Preparing a Poster Presentation

Posters are a legitimate and popular presentation format for research and clinical vignettes. They efficiently communicate concepts and data to an audience using a combination of visuals and text. Most scientific meeting planners take advantage of the popularity and communication efficiency of poster presentations by scheduling more poster than oral presentations. Poster presentations allow the author to meet and speak informally with interested viewers, facilitating a greater exchange of ideas and networking opportunities than with oral presentations. Poster presentations often are the first opportunities for young investigators to present their work at important scientific meetings and preparatory for publication in a peer-reviewed journal.

Poster Production Timeline

In order to be successful, certain prerequisites must be met. First, you must have a desire to be scholastically effective and be willing to put the time into the design and production of the poster. Second, you need organizational skills. Like any other endeavor associated with deadlines, you must be able to deliver the product on time. Posters are associated with more deadlines than oral presentations, due to the necessary interaction with graphic artists, graphic production, and the needs of the meeting itself. Organizational skills are also needed to create a concise and logically structured graphic and text presentation of the research or vignette. In order to help you achieve these goals, this article addresses poster planning, production, and presentation. It may be helpful to create a poster production timeline.

  1. Determine if your poster will be judged at the scientific meeting. If so, ask for the judging criteria, which will be immensely helpful for you to plan and construct the poster.
  2. Know the rules. It is your responsibility to know the physical requirements for the poster including acceptable size and how it will be displayed. A 4' × 4' display area cannot accommodate a 6' × 6' poster and a 3' × 3' poster will look insignificant in an 8' × 8' display area. All scientific programs that sponsor a poster session will send you information on the display requirements at the time your poster is accepted for presentation. Review and follow the instructions precisely. However, be warned that not all scientific programs will automatically tell you how the poster will be displayed. Some programs provide a cork/tack-board system that allows you to display your poster by fastening it to a solid display board with stickpins. This gives you the option of displaying your poster as many individual parts (components of the poster, such as abstract, methods, graphics, conclusion, are fastened individually to the display board) or as one piece. Other programs "hang" their posters from a frame by large spring clips. This means that the poster must be created as a single unit and cannot be too heavy for the clips or too light such that it will curl upwards like a window shade. A few programs still use easels to display posters, mandating that the poster be constructed of or placed on a firm backing that can be supported in this way. The point is, find out how the poster will be displayed and engineer a poster that best meets the requirements.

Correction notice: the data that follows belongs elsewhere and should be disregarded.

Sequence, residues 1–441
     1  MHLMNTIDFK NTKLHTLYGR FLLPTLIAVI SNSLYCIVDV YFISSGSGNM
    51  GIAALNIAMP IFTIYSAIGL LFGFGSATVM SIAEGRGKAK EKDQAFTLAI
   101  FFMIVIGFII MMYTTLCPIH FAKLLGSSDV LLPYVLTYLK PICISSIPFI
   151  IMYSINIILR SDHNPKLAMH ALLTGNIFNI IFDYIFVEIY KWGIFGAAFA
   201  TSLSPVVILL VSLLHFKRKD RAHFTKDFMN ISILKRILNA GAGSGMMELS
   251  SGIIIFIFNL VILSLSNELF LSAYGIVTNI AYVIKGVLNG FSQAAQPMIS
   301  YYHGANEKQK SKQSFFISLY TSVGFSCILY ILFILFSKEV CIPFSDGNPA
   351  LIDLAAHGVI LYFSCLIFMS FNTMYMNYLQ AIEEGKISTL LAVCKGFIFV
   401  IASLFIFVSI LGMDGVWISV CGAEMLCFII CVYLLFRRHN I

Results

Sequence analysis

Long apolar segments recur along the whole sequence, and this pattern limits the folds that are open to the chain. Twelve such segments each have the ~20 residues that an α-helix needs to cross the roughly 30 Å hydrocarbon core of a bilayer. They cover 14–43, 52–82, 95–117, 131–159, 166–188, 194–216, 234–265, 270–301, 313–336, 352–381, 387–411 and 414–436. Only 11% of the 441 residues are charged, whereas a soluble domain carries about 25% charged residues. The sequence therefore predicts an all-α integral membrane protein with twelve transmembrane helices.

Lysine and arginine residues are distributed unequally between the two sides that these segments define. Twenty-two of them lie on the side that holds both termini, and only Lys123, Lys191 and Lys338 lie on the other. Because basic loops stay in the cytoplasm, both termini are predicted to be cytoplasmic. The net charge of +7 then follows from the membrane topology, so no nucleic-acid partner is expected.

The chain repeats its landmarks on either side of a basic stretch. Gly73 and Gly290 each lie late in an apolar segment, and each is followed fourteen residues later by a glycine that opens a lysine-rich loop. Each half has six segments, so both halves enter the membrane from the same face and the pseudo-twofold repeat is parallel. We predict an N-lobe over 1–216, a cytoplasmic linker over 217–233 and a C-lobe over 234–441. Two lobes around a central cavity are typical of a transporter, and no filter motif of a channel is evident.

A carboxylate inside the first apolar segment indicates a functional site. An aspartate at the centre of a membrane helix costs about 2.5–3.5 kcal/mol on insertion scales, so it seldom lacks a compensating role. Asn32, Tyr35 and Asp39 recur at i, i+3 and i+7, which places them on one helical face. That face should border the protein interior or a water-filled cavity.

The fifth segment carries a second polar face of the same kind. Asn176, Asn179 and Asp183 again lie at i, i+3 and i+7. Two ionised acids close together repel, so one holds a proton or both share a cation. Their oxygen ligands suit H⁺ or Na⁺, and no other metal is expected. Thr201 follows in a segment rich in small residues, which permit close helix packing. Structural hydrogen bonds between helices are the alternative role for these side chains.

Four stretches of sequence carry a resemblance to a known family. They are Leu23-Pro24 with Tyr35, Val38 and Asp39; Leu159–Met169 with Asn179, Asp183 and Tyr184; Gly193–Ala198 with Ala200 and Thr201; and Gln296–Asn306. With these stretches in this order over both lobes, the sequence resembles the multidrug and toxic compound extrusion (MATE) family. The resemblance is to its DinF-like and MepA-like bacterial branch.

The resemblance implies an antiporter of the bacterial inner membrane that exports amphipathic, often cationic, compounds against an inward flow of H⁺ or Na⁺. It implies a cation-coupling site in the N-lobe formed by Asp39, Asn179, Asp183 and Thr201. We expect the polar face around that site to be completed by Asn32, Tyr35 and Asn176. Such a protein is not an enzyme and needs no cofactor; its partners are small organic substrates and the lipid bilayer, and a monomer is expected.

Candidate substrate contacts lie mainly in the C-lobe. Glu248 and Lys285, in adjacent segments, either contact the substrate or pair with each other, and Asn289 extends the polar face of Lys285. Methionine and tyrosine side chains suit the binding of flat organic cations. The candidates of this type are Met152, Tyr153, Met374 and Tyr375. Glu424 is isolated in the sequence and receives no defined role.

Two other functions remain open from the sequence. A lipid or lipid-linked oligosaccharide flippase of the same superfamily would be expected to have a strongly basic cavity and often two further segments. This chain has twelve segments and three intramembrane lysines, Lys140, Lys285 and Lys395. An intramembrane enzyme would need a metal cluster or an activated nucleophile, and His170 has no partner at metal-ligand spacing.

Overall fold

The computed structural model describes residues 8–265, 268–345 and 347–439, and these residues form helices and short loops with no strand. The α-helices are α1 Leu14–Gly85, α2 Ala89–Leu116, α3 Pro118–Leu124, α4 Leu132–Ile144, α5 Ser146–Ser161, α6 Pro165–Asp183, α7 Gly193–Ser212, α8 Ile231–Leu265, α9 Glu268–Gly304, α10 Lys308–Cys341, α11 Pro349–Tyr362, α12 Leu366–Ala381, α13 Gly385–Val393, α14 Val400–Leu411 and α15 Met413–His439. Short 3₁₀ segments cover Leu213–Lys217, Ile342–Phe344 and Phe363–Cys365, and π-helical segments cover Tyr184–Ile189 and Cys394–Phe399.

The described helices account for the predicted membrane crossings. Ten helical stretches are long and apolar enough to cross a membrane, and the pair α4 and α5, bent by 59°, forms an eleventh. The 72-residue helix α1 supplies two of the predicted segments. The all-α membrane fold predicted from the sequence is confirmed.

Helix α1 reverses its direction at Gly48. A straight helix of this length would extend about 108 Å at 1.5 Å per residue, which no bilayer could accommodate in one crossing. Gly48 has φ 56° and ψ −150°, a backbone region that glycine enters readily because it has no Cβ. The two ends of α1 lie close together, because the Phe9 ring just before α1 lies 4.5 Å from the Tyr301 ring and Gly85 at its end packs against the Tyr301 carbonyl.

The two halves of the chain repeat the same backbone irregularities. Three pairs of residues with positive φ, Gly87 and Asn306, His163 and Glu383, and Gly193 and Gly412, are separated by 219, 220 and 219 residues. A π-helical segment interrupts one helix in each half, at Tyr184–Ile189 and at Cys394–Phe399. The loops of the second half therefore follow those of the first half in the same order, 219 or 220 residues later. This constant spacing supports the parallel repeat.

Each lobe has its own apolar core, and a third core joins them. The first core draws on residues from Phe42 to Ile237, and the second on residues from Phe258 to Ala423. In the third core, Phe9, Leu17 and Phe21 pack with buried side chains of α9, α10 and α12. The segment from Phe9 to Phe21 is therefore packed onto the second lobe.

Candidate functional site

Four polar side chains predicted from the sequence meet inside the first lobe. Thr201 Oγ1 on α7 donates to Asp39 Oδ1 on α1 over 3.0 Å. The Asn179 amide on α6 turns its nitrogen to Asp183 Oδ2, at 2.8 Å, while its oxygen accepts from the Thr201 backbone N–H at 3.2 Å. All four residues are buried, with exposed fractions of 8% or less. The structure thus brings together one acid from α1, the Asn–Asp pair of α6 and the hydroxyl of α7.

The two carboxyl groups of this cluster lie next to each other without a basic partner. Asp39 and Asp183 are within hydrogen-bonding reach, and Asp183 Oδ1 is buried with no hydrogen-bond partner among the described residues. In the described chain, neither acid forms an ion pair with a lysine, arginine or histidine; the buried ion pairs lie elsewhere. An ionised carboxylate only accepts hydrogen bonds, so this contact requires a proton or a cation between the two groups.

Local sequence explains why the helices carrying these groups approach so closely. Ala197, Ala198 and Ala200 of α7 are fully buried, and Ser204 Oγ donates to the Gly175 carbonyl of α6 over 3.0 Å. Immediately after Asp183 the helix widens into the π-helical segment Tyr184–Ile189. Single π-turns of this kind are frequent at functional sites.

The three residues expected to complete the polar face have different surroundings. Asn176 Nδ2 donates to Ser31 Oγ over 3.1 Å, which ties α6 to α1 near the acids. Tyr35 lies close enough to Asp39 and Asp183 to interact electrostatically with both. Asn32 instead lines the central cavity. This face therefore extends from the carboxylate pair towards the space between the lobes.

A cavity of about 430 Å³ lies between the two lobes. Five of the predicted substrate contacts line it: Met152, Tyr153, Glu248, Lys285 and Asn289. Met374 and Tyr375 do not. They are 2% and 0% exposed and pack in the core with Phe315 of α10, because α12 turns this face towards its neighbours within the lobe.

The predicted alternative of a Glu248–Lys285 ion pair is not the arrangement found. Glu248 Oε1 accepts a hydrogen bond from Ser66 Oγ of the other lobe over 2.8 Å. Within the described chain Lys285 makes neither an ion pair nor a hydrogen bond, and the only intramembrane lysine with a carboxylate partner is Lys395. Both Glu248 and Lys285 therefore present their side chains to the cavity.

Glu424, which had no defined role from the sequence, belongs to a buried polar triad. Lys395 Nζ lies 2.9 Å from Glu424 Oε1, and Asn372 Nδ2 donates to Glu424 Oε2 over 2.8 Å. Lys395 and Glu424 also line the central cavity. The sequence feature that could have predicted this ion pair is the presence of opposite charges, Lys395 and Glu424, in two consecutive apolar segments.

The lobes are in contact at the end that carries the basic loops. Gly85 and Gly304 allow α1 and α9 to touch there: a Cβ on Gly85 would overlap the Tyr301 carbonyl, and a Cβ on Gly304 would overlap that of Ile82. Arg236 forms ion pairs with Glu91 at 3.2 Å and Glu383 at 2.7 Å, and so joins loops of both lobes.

3. Determine exactly how the poster will be produced. Will you hire a graphic artist for partial or complete production? Does your institution provide graphic services to your department? Will you need to do this yourself? If payment is required, who will pay for the production? Regardless of who is doing the work and how it will be financed, only you can determine the individual tasks and set the deadlines. Make sure your deadlines include sufficient time to revise the poster if you find mistakes or otherwise need to make changes prior to the scientific meeting. Finally, if you are working with a graphic artist, make your timetable after consultation with him/her so it is realistic and he/she understands your time constraints.
  4. Compile a list of components that will appear on the poster. There are common elements to all posters, whether they are research presentations or clinical vignettes. At the top center, the poster should display the title, authors, and institutional affiliations. Any necessary acknowledgments can also be placed here. Many scientific programs will insist that the abstract be included on the poster and will specify its location (i.e., upper right corner).